Roleplaying in the World of Sherlock Holmes

Recently, there has been a fairly big resurgence of the popularity of Sherlock Holmes, what with the Robert Downey, Jr. movies, the t.v. series Elementary and the other t.v. series Sherlock (both modern re-imaginings). The copyright to most of the Sherlock Holmes material has expired (all of it in the United Kingdoms, everything published before 1923 in the United States), which allows people to use that material in whatever they like. In this case, Fearlight Games has taken up that idea and produced a role playing game set in Victorian England just after the time of Sherlock, through Kickstarter.



A I mentioned, the game is set in Victorian England. The basic premise is that Sherlock Holmes is missing, presumed dead, after tumbling over the Reichenbach Falls while fighting with Moriarty. But cases are still coming into Baker Street. Dr Watson has enlisted your help to solve these influx of cases.

The game will utilize a lot of the existing material,such as characters and investigations, but will also include new content as well. The rule book will contain one adventure based on the stories and one completely new piece. This also applies to the art, a lot of the original Sidney Pagett art will be used in the rule book, but new art for some character portraits and maps will be used.

The rules will utilize a special die (you will get some with pretty much every backer level) that will affect every roll you make, whether it be good or bad. The d6 has the numbers 1, 2, 3 and then three different pictures. The numbers will let you choose which of those three numbers will be successes on the other die you have rolled. The Sherlock picture is the wild card that lets you choose 1, 2 or 3. The Watson picture can be used to gain one extra success and the Moriarty picture is the negative, causing each failed die roll to cancel out a success. Where D&D and Pathfinder have encounters involving combat, traps or puzzles, Baker Street has Investigation Scenes. The game revolves around these Scenes, having Investigators make a variety of skill rolls to detect clues, identify false clues or uncover more leads to follow. The trick is to gain enough clues quickly enough so the criminals can’t get away or make further plans. If you tarry too long, the reprobates and villains will move further onwards, perhaps increasing the Threat Meter.


Speaking of the Threat Meter, it is a tool employed by the Mastermind (read: Game Master, Dungeon Master, Storyteller or any such name) to increase the difficulty of the adventure for the Investigators. Some examples of the effects of an increased Threat Meter are:

  • The criminals are able to move their time table forward. Maybe they commit a crime earlier than expected, or plan their escape sooner.
  • Bad press from the case is published. The heroes suffer a -1 rank in status until the conclusion of the next adventure.
  • The investigation becomes slightly more difficult. The tension reaches level 1– Rolled 1s on the Sherlock Die no longer cause 1s to be successful.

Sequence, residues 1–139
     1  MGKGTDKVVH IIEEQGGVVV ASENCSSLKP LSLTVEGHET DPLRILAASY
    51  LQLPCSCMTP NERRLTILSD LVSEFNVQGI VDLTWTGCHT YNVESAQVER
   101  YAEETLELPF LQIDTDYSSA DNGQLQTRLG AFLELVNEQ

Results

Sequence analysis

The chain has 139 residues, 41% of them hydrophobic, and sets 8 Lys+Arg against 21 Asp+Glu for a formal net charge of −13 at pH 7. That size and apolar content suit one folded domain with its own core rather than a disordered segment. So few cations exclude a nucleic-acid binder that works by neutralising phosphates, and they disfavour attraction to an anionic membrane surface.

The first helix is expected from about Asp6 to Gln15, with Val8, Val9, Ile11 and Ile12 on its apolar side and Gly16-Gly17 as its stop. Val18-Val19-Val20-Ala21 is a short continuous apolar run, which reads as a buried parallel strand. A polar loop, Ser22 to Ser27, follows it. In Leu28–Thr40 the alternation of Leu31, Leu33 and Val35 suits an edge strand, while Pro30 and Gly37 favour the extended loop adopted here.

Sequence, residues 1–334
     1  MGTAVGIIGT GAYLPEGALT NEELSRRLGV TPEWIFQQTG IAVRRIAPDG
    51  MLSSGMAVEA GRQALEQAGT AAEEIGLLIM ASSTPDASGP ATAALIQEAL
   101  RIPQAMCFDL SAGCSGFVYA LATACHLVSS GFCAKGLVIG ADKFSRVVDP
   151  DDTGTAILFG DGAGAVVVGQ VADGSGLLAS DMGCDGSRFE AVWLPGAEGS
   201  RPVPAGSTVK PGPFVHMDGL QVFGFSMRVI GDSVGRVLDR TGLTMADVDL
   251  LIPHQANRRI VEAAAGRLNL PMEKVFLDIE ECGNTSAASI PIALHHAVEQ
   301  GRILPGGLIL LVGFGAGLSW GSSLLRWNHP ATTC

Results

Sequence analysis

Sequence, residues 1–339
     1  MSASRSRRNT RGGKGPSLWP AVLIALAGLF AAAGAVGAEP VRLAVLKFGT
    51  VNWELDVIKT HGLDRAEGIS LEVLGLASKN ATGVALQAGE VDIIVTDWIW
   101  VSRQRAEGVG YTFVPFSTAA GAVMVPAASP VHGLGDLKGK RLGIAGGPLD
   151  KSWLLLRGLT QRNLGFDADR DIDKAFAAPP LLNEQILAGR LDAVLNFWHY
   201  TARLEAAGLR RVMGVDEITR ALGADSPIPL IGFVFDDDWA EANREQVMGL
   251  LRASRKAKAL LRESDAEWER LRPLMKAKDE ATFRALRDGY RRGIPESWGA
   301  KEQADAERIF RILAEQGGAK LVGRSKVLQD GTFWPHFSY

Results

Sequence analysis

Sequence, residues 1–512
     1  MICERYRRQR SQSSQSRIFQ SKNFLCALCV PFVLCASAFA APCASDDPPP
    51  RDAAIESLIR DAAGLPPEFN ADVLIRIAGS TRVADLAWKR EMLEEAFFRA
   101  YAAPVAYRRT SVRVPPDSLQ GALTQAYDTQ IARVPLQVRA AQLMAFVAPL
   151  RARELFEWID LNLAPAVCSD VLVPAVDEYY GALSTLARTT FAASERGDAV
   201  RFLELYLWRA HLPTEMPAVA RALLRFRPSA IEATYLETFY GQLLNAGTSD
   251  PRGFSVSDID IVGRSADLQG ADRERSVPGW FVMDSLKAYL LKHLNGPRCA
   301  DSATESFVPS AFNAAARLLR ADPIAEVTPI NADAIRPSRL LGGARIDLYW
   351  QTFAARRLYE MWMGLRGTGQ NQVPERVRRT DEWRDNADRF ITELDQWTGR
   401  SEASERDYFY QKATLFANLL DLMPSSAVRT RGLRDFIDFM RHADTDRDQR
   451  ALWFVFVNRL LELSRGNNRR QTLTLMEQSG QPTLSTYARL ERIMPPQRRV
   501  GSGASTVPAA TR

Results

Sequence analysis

• Scotland Yard gets involved in the case and they don’t like meddlers.
Status was important in Victorian England, and so shall be important in Baker Street. Status is used for a plethora of social interactions, such as charm, manipulation, favours, loans and getting assistance. It is represented by a number, and a series of 5 circles are the level of that number. The Mastermind can give out or take back these points, and when those 5 circles are full, the Status of the Investigator increases. But beware, if the Investigator does not live up to Victorian ideals or acts in an unbecoming way, their Status is liable to drop.

Beyond being just a very cool sounding game taking place in a very interesting setting, the game is also officially licensed by the Sir Arthur Conan Doyle estate. To me, that is a really great endorsement to the quality of the product that is being made here. I can only assume that an official license wouldn’t be slapped on any old thing bearing the Sherlock name. I am also a big fan of the time setting, Victorian England and 1920s America are my two favourite. I have 1920s America in Call of Cthulhu, and now I will have Victorian England in this, everything I need.

I like the look of this game so much I have backed it. And for the level I went for, to get the softcover physical book with two Sherlock Dice, it was surprisingly inexpensive. With conversion and including shipping, it will be about $55 AUD (give or take a little for exchange rates). I’ve paid a lot more than that for books from games stores around here. The expected date is for August this year, so not too long a wait either. The goal has already been reached, so if you pledge now, you know you will get it. And several stretch goals have also been reached, including lots of adventures, an Investigation Scene pad and a Mastermind Screen (I always love screens). If you are at all interested in Sherlock Holmes and table top role playing games, I think this is a must.

You can find the Kickstarter page here if you want to know more, and the Fearlight Games homepage here.


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One Comment
  1. February 17, 2014 | Reply

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